But here's the thing: I really have to be motivated to be that big of an asshole in my reviews. (I don't enjoy doing it, and it's kind of exhausting, and it always leaves me feeling like an overly fussy and pedantic spoilsport.) And "Time Heist" just didn't offend me enough to bother: yes, it was nonsense, but it was mostly harmless nonsense, and kind of fun. The Oceans 11 construction and aesthetics were a little obvious, and ultimately fairly shallow, but so what? Overall, the episode was a nice change of pace: it was brisk, and it was kind of old school—lots of running through corridors—and it passed the hour pleasantly enough.
Most importantly, the things that were wrong with it were really only about the plot. If you're wondering why I'm willing to savage "Robot of Sherwood" while giving "Time Heist" a pass, it's probably because writing characters badly, and dealing with themes badly, bothers me far more than sloppy plot construction. None of the characterization in "Time Heist" was particularly deep, but neither was it particularly offensive: Psi (Jonathan Bailey) and Saibra (Pippa Bennett-Warner) were decent characters, not terribly complex, perhaps, but designed with some genuine effort towards making them rounded characters about whom we could care. Clara, after taking center stage several weeks this season, played a much more traditional companion's role here, but she was perfectly fine, and the investment in her development elsewhere in the season makes her seem like a real person even when she's just, as she is here, along for the ride. And, though Capaldi still isn't quite the Doctor for me, the mostly generic nature of Thompson's screenplay—which, with a little tweaking, could have fit any Doctor, and any companion—actually makes this his most "Doctorish" performance to date.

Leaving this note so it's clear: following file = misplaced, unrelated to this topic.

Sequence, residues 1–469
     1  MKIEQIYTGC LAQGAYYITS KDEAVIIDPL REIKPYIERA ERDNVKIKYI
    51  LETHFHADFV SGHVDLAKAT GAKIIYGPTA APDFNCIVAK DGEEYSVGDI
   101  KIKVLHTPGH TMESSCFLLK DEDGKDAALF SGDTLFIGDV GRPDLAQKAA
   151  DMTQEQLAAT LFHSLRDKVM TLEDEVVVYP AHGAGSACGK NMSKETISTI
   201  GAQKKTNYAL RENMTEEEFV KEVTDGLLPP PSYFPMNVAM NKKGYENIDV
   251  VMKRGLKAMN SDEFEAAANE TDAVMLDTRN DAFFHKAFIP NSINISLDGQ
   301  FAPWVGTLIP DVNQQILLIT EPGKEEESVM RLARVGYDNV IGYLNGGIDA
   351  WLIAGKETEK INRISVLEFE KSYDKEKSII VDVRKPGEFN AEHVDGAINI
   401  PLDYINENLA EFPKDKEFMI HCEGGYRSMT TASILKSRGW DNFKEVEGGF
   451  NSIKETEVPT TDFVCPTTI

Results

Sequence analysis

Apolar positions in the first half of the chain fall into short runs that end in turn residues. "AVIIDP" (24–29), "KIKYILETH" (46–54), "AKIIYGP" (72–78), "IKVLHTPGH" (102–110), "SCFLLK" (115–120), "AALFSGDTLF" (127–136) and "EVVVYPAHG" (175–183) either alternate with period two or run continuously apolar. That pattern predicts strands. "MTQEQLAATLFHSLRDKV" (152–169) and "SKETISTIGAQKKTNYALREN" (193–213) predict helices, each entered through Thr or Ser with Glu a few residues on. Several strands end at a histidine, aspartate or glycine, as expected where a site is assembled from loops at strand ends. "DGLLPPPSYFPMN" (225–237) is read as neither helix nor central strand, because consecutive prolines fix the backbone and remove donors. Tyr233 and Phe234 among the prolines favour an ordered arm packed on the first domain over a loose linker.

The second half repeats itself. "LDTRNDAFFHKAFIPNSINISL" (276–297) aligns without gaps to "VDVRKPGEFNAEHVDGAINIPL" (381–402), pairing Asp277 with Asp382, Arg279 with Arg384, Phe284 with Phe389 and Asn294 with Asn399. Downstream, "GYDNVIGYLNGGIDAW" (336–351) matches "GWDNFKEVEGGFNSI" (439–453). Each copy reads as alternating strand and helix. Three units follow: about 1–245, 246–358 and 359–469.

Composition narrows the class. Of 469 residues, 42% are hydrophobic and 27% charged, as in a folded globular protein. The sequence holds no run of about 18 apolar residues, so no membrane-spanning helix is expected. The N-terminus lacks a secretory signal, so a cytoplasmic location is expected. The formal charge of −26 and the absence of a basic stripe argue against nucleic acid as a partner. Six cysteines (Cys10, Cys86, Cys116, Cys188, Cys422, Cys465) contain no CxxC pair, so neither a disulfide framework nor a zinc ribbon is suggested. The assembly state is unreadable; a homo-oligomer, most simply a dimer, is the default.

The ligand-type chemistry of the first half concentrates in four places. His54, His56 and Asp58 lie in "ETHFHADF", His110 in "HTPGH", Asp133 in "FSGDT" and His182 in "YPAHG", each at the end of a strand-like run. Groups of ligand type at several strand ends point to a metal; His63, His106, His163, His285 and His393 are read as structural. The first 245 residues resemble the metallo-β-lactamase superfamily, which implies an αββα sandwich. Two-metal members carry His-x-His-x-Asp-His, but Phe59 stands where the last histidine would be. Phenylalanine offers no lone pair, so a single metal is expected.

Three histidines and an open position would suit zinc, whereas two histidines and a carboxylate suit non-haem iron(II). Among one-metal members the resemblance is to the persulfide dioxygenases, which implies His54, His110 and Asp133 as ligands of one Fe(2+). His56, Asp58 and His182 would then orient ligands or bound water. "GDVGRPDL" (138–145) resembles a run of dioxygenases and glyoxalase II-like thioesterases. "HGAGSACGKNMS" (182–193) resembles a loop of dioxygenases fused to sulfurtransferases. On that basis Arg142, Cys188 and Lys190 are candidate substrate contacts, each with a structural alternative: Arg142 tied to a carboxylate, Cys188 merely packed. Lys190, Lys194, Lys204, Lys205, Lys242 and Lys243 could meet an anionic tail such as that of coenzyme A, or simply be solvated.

So why aren't I inspired to write a good review? Well, apart from the nonsensical plot, there's really just no there there: the episode isn't about anything but itself. No one learns anything, or reveals anything, or says anything of importance; it's just a caper, with no theme or meaning or resonance. (For a while I thought we were leading to some interesting stuff about guilt—since that was the purview of "The Teller"—but even his scan of the Doctor offered nothing of worth; it seemed like a wasted opportunity, since the emotional life of this post-Time-War Doctor should be a rich and fruitful subject.) "Time Heist" just isn't that kind of episode: it's all surface, no substance, delivering nothing more or less than what was promised in the title.